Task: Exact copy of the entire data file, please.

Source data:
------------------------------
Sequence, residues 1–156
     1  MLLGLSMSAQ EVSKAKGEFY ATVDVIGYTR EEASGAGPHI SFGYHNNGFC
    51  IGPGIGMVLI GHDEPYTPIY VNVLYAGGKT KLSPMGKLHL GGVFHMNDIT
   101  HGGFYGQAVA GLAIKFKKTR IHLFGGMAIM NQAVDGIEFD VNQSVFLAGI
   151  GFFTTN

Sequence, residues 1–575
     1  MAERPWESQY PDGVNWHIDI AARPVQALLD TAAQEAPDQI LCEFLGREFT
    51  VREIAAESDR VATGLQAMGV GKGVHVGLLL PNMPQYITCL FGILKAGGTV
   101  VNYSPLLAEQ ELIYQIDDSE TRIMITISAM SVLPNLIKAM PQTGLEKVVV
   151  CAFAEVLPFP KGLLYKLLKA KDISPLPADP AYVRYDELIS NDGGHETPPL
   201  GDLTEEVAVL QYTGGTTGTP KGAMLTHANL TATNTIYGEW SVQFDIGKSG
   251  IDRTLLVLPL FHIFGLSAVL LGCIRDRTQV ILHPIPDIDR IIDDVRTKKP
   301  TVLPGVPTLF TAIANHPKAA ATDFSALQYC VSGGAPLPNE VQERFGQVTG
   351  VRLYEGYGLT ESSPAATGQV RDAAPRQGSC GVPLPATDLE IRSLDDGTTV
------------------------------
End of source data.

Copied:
Sequence, residues 1–156
     1  MLLGLSMSAQ EVSKAKGEFY ATVDVIGYTR EEASGAGPHI SFGYHNNGFC
    51  IGPGIGMVLI GHDEPYTPIY VNVLYAGGKT KLSPMGKLHL GGVFHMNDIT
   101  HGGFYGQAVA GLAIKFKKTR IHLFGGMAIM NQAVDGIEFD VNQSVFLAGI
   151  GFFTTN

Sequence, residues 1–575
     1  MAERPWESQY PDGVNWHIDI AARPVQALLD TAAQEAPDQI LCEFLGREFT
    51  VREIAAESDR VATGLQAMGV GKGVHVGLLL PNMPQYITCL FGILKAGGTV
   101  VNYSPLLAEQ ELIYQIDDSE TRIMITISAM SVLPNLIKAM PQTGLEKVVV
   151  CAFAEVLPFP KGLLYKLLKA KDISPLPADP AYVRYDELIS NDGGHETPPL
   201  GDLTEEVAVL QYTGGTTGTP KGAMLTHANL TATNTIYGEW SVQFDIGKSG
   251  IDRTLLVLPL FHIFGLSAVL LGCIRDRTQV ILHPIPDIDR IIDDVRTKKP
   301  TVLPGVPTLF TAIANHPKAA ATDFSALQYC VSGGAPLPNE VQERFGQVTG
   351  VRLYEGYGLT ESSPAATGQV RDAAPRQGSC GVPLPATDLE IRSLDDGTTV